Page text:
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Connected Roots Welcomes New Clinician, Nick Serro, LSW

Updated: Oct 19, 2021



Connected Roots is excited to welcome Nick Serro, LSW, to our team. Nick brings both psychology and social work expertise to our Connected Roots family and enjoys working with groups and individuals.

With boundless energy and optimism, Nick shares the goals of our Connected Roots team, which include a commitment to identifying your strengths and tapping into your inner wisdom. It’s been our experience that this approach leads to lasting, sustainable, and organic healing.

Nick completed his Master’s in Social Work from Loyola University in Chicago in 2021. However, since 2015, he has empowered people of all ages and walks of life to move positively towards their goals.

Nick believes in celebrating successes - large or small. He adds, “I believe that life is incredibly hard, and therefore any success is a means for celebration.”

Nick’s strategies and techniques may vary each session because he tailors your experience to fit your individual needs. He is passionate about keeping you autonomous and in the driver’s seat, while offering outside perspectives that may spark new connections.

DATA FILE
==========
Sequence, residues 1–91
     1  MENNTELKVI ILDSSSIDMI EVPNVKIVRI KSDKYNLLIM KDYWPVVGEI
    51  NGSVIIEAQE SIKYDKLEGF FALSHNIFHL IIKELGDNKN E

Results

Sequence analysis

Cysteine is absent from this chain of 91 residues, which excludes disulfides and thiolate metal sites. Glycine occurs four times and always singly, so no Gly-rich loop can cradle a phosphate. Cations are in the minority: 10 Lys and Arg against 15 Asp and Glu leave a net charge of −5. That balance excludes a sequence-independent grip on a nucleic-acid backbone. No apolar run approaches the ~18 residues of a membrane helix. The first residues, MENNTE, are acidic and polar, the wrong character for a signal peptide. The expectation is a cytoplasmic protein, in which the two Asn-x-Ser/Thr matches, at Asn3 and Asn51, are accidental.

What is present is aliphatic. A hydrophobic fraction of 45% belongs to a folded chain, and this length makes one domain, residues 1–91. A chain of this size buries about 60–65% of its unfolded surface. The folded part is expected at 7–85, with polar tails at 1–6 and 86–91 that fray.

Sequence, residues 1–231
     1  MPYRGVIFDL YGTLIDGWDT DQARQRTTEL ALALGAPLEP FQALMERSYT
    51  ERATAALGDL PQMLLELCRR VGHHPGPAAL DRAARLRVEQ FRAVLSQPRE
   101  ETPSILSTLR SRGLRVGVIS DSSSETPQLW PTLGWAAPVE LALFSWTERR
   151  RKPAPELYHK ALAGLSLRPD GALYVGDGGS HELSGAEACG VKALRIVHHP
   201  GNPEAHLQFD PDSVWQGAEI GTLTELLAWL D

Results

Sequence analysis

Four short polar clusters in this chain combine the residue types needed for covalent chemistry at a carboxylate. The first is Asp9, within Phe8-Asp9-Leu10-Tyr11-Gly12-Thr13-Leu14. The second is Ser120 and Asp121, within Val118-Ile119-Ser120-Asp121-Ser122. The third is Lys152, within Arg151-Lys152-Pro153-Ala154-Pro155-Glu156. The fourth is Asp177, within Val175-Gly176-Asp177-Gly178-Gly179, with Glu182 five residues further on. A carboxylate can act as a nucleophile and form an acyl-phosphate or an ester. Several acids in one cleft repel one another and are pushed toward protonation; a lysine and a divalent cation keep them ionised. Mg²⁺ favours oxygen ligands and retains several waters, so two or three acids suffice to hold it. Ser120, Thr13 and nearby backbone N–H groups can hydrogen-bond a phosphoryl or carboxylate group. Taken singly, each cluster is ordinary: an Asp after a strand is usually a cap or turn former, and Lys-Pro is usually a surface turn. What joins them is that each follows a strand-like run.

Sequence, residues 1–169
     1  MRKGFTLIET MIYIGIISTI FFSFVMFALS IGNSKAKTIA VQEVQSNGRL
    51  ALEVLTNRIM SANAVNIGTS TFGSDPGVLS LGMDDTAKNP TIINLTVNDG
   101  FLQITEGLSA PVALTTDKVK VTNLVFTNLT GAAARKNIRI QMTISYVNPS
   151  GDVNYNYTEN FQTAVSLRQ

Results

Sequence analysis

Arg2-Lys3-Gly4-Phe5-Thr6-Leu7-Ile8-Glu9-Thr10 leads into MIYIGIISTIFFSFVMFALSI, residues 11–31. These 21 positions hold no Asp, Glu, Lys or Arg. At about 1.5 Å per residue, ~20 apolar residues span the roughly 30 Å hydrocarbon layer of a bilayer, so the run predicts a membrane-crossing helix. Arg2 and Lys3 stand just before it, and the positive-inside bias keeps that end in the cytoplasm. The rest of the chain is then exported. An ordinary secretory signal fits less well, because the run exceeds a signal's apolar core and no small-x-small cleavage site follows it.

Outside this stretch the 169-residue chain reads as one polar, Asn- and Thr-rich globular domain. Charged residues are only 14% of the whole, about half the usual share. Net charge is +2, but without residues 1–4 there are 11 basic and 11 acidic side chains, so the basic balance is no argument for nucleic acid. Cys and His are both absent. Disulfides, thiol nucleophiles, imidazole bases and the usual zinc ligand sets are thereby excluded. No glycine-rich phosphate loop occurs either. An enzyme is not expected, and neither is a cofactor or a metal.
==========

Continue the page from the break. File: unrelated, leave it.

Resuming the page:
Nick has ample experience with autism spectrum disorders, and he is passionate about nurturing client relationships by creating a safe and judgment free space.

“My approach is focused on my client and centers around empathy, flexibility, creativity, and nonjudgmental problem solving,” Nick explains.

How Nonjudgmental Problem Solving Works

Cultivating nonjudgmental behavior is a component of Mindfulness Training. At Connected Roots, we believe Mindfulness is one of four sets of behavioral skills within Dialectical Behavior Therapy.


Mindfulness teaches us to observe and describe our behaviors, which is necessary when clients are learning a new behavior, when there’s a problem or conflict, or when there’s a need for change.

Humans have an innate urge to judge their surroundings, other individuals, and situations in which we find ourselves. Long ago, our survival relied on these impulses. Today though, most of our judgments don’t determine our survival.

Together, we learn to problem-solve from a more nonjudgmental stance. Often, it takes practice to recognize that we can assess people or situations we may be dealing with in a non judgemental way. In practice, this means we see them as neither good nor bad, but just as they are - and can then focus more on fact and less on an emotional response.

Judging is a spontaneous process, and there are times we need to make judgments. To learn how to be less emotionally reactive, we practice becoming more aware of judgemental thinking and develop the skill of thinking nonjudgmentally.

About Connected Roots

At Connected Roots, our three core pillars are connection, grounding, and confidence. Nick Serro’s addition to our team is a complement to those pillars.

We share Nick’s dedication to creating nonjudgmental and safe spaces where clients can express themselves authentically and reach their goals.

For more information on Connected Roots or Nick Serro, please visit our website or contact us at 720-593-1062.

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